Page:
The trip up the Devil's River or Rio Diablo

We left Stray Cat in a cayuco Captained by Tomas and guided by Federico

Tomas was our Capitan on the cayuco

Walter rode in front with Capt Mark & Stu behind him and then M&K in the back, with Tomas bringing up the rear

The mouth of the Rio Diablo, the name of the river translated to "The Devil River"

It was called the Devil River because in torrential down pours the river rises quickly and rages viciously out of control 

The mouth of the river was very tricky to navigate with all of the fallen trees from the Devil's past rages

Tomas was an expert Capitan and navigator

The mangroves inside of Rio Diablo


Federico on the bow with Walter, Capt Mark & Stuart

The river was as calm as it could be and was not looking like a Diablo at all this trip, thank goodness!

The banks had many coconut palms and they were home to many shorebirds, exotic birds, monkeys & lizards

There was some traffic on the river although not much, and no locals lived on the river due to malaria 

The locals did go up river to obtain bamboo & palm fronds for making their homes or huts, these Nargana locals were bringing back some supplies for building

The palms bent right out over the river and still turned straight up, eventually they would fall in and become a part of the debris at the mouth of Rio Diablo

Mangroves on Rio Diablo

A ringed neck Kingfisher

He was gorgeous and we saw him catching fish on the Diablo

Ring necked Kingfisher


Yellow bellied sap sucker - As far as you know.

Pileated Woodpecker

Pileated Woodpecker

Locals with building materials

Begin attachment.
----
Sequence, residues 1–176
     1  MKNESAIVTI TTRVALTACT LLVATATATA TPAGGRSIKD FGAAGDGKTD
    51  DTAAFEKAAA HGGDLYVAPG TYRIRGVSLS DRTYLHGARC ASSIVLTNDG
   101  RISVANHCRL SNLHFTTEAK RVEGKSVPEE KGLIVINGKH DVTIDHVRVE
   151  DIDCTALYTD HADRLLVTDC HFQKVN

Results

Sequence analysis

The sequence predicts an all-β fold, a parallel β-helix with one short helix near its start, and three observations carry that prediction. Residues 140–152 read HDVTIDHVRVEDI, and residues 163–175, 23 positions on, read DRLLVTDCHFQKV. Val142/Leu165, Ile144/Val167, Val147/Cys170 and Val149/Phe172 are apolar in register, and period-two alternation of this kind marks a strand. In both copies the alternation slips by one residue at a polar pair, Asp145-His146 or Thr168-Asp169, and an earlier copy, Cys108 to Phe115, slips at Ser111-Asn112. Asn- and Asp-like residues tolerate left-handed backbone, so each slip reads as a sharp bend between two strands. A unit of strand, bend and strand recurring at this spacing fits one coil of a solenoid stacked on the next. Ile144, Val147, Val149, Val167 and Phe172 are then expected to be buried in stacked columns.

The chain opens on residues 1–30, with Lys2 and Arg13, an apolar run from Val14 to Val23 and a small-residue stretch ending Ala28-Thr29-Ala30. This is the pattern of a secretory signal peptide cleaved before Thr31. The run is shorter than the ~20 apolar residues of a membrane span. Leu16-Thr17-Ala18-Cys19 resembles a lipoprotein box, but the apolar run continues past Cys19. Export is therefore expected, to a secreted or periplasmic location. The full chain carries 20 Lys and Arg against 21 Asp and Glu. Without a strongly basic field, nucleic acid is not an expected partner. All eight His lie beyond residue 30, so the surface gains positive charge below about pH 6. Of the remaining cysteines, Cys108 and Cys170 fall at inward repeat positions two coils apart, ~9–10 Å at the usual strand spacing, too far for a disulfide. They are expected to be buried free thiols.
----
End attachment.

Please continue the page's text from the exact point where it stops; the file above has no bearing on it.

There was perfect geometry in this reflection of a palm frond

The river was quite still

Looked like a tricolor or Louisiana Heron

Jesus Christ lizards sitting on a log, one had just taken off and you can still see his trail across the water, they run on top of the water - hence the name

Night Heron

He kind of looks like Lurch from the Addams family

Night Heron

Bamboo tree with a local cayuco nearby

Flora on the Diablo

A submerged tree

Another bird on the Rio

Local Kuna men in the bathing suit of choice, tighty whities or tighty Grey's

Federico on the bow

Hiking through the forest up to the burial grounds

Mike on the path

Some of the older gravesites in this area, the locals visited their relatives often

It is traditional in Kuna Culture for all of the deceased's personal belongings to be placed on top of the gravesite -see the shoe? 

Rocks outlined many gravesites, you can see the plates and cups that the deceased would have used

Some graves were more elaborate

It is easy to see the personal belongings on top of this grave

Some people even built a shelter above their loved ones - this site looked fairly new

This was a young boy only 4 yrs old

You can see his cars inside here with a little video game he liked to play

Leaf Cutter ants building a nest and feeding the queen

[movie camera illustration] Click here to see video of the leaf cutter ants

[movie camera illustration]

Rio Diablo

A Toucan in the trees of the riverbanks


Toucan in flight

A Heron flying down the river bank

More curved tree trunks

Sugarcane growing wild

More Bamboo

A Monkey!!!  Or Mono in Espanol

One of the locals had been cutting bamboo to build a shelter

A couple of local children with their dogs

Back to the mouth of El Diablo


After the river trip, Federico took us to see the Airport at El Corazon de Jesus

The Kuna name for the island is Akwanusadup

M&K notice the outhouse over the water behind us

A private plane at El Corazon de Jesus or "The Heart of Jesus" in English

Our guide Federico coming out of the Bano or bathroom

Walter the Muscovite(Russian) posing for the camera

The Crew in our cayuco Captained by Tomas